After a decade of failing to cover capital costs in container shipping, box lines have enjoyed a period of higher rates and quarterly profits as a consequence of the Covid-19 pandemic. This good fortune may lead owners to place new orders at shipyards, something Hapag-Lloyd ceo Rolf Habben Jansen welcomed in a speech at TPM21.
“I’ve said already many times that in my view the orderbook at the moment is a little bit too small,” said Habben Jansen. With industry growth of a few percentage points per year, and the need to replace tonnage leaving the fleet, the current orderbook of 10-11% is insufficient, said Habben Jansen.
“I welcome the orders that have been put into the book in the last couple of months. I would expect that more orders are going to follow in the upcoming couple of quarters. I’d like to think that we will get back to a level that’s more or less healthy for the industry which is anywhere between 14% and 17%,” he said.
Hapag-Lloyd is among the lines that have been ordering and contracted six, 23,500 teu, dual-fuel LNG powered newbuildings at Daewoo Shipbuilding & Marine Engineering (DSME) in December last year.
Habben Jansen recalled the situation around 2007 when the orderbook reached 60% of the fleet, but believes there’s little reason to fear such overordering again as the circumstances were very different in that time period.
Return to normal
After the disruption and lower reliability caused by the impact of Covid-19 on shipping demand, Habben Jansen said he expects a return to normalcy across the industry within the next one or two quarters.
“If we try to look ahead today, then I do believe that containers will slowly but steadily start flowing more fluidly in the course of the upcoming months, we probably have a difficult 6-8 weeks ahead of us and I do expect it to get better in the course of the second quarter,” said Habben Jansen.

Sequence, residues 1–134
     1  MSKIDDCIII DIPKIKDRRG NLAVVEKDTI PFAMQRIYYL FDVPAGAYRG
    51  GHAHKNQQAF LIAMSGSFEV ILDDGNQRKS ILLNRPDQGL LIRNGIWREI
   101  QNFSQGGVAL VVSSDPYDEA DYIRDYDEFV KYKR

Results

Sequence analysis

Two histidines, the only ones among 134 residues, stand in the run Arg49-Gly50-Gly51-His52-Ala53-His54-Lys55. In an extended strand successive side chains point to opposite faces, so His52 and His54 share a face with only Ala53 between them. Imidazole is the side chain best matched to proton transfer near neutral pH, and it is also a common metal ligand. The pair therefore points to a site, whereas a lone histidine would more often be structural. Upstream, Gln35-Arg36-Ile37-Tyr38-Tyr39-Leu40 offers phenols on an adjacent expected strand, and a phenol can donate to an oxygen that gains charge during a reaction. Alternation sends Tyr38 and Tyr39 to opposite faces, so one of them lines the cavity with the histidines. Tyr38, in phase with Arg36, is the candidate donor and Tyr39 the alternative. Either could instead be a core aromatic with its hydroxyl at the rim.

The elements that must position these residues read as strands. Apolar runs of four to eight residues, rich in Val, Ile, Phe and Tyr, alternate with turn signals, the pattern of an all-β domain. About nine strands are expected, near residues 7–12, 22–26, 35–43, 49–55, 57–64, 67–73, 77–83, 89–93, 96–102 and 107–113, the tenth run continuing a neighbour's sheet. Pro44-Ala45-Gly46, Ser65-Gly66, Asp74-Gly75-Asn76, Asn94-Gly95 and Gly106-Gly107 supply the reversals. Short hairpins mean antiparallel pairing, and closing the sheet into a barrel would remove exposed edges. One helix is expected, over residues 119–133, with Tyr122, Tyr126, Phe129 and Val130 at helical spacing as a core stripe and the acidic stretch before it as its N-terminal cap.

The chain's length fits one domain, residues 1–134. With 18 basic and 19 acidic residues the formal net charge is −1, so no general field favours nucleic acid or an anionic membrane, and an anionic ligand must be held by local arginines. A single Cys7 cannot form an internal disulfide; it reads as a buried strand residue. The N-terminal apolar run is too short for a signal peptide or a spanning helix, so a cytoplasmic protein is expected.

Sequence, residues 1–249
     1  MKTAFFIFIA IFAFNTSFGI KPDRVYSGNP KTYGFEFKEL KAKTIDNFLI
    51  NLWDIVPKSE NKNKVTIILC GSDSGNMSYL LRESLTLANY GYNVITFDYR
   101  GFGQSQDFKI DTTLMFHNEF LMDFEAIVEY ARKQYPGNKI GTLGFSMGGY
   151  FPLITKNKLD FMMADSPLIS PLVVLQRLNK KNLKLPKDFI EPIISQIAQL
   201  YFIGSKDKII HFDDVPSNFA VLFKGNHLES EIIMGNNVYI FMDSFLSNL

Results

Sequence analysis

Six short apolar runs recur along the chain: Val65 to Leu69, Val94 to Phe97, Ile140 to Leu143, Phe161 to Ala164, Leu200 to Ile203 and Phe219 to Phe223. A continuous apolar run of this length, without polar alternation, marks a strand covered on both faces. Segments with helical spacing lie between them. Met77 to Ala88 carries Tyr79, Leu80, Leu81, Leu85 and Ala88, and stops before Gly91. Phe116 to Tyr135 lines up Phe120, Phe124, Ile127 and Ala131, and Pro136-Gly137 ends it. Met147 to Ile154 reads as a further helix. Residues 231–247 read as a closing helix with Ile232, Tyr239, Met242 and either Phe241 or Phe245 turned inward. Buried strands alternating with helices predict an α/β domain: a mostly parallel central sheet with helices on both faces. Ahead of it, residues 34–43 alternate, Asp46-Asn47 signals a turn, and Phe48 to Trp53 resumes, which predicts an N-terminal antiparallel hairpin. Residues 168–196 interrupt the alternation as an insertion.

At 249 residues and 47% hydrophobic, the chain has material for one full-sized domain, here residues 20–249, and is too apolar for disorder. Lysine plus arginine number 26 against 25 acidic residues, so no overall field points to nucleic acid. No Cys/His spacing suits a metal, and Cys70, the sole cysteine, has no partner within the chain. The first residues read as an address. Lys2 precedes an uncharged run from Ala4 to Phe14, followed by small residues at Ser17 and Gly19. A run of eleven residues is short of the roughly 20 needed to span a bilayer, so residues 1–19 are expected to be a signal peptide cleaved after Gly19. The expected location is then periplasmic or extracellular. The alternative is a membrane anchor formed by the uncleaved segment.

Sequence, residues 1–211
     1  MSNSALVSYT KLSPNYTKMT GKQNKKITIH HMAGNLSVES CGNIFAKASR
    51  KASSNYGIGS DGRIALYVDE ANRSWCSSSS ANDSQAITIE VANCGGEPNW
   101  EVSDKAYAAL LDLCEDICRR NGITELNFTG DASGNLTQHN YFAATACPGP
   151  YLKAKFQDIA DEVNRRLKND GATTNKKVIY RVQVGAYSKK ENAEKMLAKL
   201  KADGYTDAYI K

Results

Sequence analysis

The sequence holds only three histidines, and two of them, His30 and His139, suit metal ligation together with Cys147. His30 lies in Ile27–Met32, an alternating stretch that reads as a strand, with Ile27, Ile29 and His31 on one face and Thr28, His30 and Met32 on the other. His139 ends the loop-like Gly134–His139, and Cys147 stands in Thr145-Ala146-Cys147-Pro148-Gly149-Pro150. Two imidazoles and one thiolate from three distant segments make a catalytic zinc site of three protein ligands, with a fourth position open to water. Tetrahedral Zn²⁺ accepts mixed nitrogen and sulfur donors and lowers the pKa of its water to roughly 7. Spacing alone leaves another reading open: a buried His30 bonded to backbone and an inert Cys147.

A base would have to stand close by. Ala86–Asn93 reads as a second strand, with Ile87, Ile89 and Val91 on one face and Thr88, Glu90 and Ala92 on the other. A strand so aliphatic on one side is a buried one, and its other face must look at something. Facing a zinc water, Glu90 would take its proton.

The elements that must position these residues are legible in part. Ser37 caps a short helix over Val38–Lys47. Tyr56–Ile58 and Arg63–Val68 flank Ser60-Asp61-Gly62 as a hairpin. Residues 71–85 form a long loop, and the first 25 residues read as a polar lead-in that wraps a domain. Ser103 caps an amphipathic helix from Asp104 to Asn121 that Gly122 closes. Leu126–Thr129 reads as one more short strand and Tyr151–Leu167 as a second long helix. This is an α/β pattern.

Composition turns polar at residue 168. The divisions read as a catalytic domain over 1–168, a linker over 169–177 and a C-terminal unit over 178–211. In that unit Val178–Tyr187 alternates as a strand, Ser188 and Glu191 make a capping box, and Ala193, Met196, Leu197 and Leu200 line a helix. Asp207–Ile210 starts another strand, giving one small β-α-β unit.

“At that time we will then be entering peak season again, so… we need to work very hard to make sure that over the next couple of months we get back to a normal situation. Our target is to have that done by the latest at the end of the second quarter.”
He said that reliability has simply not been good enough across the industry and that he expects with some hard work from all stakeholders things will improve in the second half of 2021. One bright spot Jansen picked out was the benefits the industry had reaped from digitalisation.
“Going digital is very possible and it has a lot of merit. If this type of pandemic had hit us 10-15 years ago, it would have been a very, very different situation, with a lot more chaos than we’ve seen over the last 12 months.”
The long view
Asked whether the pandemic threated the globalisation that shipping relies on for much of its cargo, Jansen said he expects a change in behaviour but not the death of globalisation. People will want to be less dependent on a single source for supplies and may look for closer origins over distant ones, said Jansen, “I think globalisation is going to change, but I don’t think it’s going to disappear. I don’t think you see a trend that globalisation is going down.”
Habben Jansen noted that Covid-19 still posed a threat to the industry’s recovery, and that improvements will depend on the progress of vaccination programmes and the absence of any more serious variants of the virus. Shorter term plans at Hapag-Lloyd changed quarter by quarter over the past year as the pandemic developed and affected the sector, said Jansen, so the company is aware of the likelihood of plans changing.
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